According to Mintel data from 2022, half of consumers aged 25 to 34 used hot sauces in the past six months. The sauce and condiments category is also being driven by a growing appetite for global flavours, particularly among younger Canadians.
According to Di Matteo, more than half (52%) of foodie millennials have tried a new flavour, with Asian flavours a particular favourite. “Sauces that offer Asian cuisine flavours and/or spicy flavour profiles will be emerging trends in the condiments and sauces aisle for at-home summer barbecues,” Di Matteo explains. Sauces offer a simple way to change up flavours and can perform particularly well when they are merchandised near meat, says Di Matteo.
READ: As consumers embrace global foods, grocers look to diversify their offerings
Consumers can feel overwhelmed by the sheer number of sauce options available to them, she says, and it’s up to retailers to provide some guidance.
“Retailers should look to provide new ways of helping consumers make easy choices and utilize their go-to ‘staple’ ingredients for an easier experience,” she says. “Sauces are a great way to change-up flavour and perform well when merchandized near meat.”
Trimarchi says consumers are also seeking more exotic and international flavours such as Korean gochujang (a red chili paste that also contains glutinous rice, fermented soybeans, salt and occasionally sweetener), Middle Eastern harissa (a smoky-spicy North African hot chili paste made with roasted red peppers and Baklouti peppers) and Jamaican jerk.
Like most food categories, inflation is also having a “ripple effect” on beverage alcohol, says Kyra Dietsch, marketing and communications manager and master beer sommelier with Muskoka Brewery.
One of the tactics the Ontario-based brewer is using to circumvent the challenges created by inflation is offering consumers an improved value proposition through new 568-millilitre cans for its signature light lager Tread Lightly. “[Those cans] are over 20% larger than the traditional 473-millilitre cans, and by doing that we’re offering value to the consumer,” explains Dietsch. “It’s a little more bang for your buck and more of a value purchase.”
READ: Three trends to watch in beverages
Another product Muskoka is releasing this year is a tropical IPA made using calamansi, a Filipino citrus that is described as a combination of lemon, lime and orange.
“I love to try different fruits and foods, and seeking out these unique citruses has been so interesting,” says Dietsch. Citrus-inspired flavours within the beverage alcohol space are growing in popularity, she says. “You go to the grocery store in Canada and you’ve got your lemon, lime, mandarin and tangerine, but you look to different Asian countries and they’ve got a wider variety of fruits I haven’t heard of.”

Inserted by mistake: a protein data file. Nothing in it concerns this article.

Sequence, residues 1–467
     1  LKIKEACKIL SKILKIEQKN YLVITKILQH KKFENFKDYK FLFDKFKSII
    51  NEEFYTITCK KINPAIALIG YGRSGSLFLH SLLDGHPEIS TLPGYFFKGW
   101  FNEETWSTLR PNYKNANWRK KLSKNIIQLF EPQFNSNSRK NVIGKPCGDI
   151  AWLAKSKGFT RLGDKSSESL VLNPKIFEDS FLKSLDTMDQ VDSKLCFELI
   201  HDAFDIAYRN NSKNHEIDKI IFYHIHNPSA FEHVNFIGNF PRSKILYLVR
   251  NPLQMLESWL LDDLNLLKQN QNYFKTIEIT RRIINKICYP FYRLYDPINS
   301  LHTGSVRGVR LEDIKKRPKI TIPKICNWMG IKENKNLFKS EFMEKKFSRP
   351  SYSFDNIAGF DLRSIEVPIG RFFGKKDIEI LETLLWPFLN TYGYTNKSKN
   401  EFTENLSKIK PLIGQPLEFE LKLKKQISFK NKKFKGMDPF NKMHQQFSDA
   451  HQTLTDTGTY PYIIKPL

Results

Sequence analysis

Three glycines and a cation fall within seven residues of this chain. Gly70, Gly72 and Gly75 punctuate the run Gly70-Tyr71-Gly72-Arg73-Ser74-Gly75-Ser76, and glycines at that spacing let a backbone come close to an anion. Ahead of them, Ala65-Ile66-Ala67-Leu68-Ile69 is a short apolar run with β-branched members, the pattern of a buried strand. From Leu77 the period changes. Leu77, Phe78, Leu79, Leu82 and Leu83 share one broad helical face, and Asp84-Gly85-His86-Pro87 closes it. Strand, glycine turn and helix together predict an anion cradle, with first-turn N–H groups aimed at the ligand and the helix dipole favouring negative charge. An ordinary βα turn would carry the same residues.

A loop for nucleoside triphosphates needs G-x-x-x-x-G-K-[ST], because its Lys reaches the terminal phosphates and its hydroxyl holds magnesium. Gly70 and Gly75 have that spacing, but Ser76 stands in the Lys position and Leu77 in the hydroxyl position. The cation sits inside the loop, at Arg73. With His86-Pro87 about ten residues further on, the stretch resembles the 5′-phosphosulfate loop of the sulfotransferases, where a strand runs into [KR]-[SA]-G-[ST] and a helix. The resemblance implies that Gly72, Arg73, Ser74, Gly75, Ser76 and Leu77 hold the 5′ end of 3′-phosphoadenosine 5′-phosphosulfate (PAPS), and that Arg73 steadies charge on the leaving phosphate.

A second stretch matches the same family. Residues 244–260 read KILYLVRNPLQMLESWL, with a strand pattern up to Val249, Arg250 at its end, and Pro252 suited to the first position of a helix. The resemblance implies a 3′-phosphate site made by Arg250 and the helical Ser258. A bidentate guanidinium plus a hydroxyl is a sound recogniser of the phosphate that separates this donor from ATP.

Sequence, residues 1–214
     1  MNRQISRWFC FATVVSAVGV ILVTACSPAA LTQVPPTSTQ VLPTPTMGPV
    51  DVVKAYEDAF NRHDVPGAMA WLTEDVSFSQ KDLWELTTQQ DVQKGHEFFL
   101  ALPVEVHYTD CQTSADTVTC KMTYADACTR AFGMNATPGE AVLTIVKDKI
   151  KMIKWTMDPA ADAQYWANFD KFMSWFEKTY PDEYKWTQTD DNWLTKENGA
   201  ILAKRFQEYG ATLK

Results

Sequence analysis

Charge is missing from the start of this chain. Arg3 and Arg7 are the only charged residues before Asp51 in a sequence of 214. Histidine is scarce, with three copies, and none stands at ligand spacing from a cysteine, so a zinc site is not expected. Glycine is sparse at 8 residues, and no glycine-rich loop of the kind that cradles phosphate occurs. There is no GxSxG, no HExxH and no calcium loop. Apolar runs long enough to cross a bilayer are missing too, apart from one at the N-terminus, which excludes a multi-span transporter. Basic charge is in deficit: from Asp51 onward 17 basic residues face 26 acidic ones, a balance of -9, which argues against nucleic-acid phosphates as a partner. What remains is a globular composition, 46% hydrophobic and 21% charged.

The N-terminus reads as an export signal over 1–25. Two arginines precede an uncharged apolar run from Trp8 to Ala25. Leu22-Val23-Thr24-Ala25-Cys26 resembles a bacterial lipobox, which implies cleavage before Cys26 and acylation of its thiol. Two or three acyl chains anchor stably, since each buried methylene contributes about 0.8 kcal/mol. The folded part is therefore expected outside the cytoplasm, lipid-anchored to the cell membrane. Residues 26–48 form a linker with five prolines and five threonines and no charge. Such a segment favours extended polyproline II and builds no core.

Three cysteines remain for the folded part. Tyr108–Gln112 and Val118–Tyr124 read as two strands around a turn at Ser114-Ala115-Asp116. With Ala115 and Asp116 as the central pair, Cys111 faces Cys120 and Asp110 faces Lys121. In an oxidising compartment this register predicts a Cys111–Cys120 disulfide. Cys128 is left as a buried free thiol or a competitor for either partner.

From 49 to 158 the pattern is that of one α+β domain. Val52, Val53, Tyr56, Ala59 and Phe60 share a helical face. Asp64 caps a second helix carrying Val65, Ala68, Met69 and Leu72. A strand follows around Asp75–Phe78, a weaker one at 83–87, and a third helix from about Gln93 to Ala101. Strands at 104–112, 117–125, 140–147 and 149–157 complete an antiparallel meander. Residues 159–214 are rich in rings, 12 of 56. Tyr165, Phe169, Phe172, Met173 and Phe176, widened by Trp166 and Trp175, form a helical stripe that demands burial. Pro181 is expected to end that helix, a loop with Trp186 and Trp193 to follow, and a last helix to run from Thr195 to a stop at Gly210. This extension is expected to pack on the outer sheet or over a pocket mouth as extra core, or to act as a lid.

Master of merchandising
Trimarchi at Vince’s Market says there are several techniques that can help build product awareness and sales during grilling season, beginning with display. To be effective, it must be eye-catching and showcase the products required for a successful grilling experience such as grills, charcoal, utensils, sauces, marinades and meats.
At Vince’s, the merchandising team uses bright colours, signage and images of sizzling food to attract attention and inspire consumers to make the necessary purchases. It’s best to start using these tactics early in the season to ensure strong sell-through and repeat purchases, as well as to establish customer favourites, says Trimarchi.
Teresa Spinelli, president of Alberta’s Italian Centre Shop, says there are several ways to merchandise grilling items, including presenting recipes featuring the various showcased ingredients.
“We also had ready-to-go items close so, if you don’t want to make a pasta salad, we’ve made it for you,” she says. “And we have the recipe if you want to make it yourself the next time.” She says Italian Centre Shop plans to put portobello mushrooms (“in my opinion the best plant alternative”) close to the steaks and sausages as a way of encouraging shoppers to try something new.
Spinelli says calling out organic or grass-fed products as such helps consumers recognize it’s different. The store’s Piedmontese beef, for example, is grass fed and cooks 30% faster than other beef.
With convenience also key for many customers, Vince’s Market spotlights grill-ready meal solutions featuring pre-marinated meats, vegetables and seasoning. Trimarchi recommends prominently displaying those kits, and offering options suitable for different tastes and dietary needs. Vince’s also cross-merchandises complementary products in its meat department.
“Our value-added fresh-made products like tzatziki and hummus with souvlaki and kebabs are always a success,” he says. Introducing pre-sliced and packed cheese with fresh burgers has also proven to be a successful tactic.
This article first appeared in Canadian Grocer’s May 2023 issue.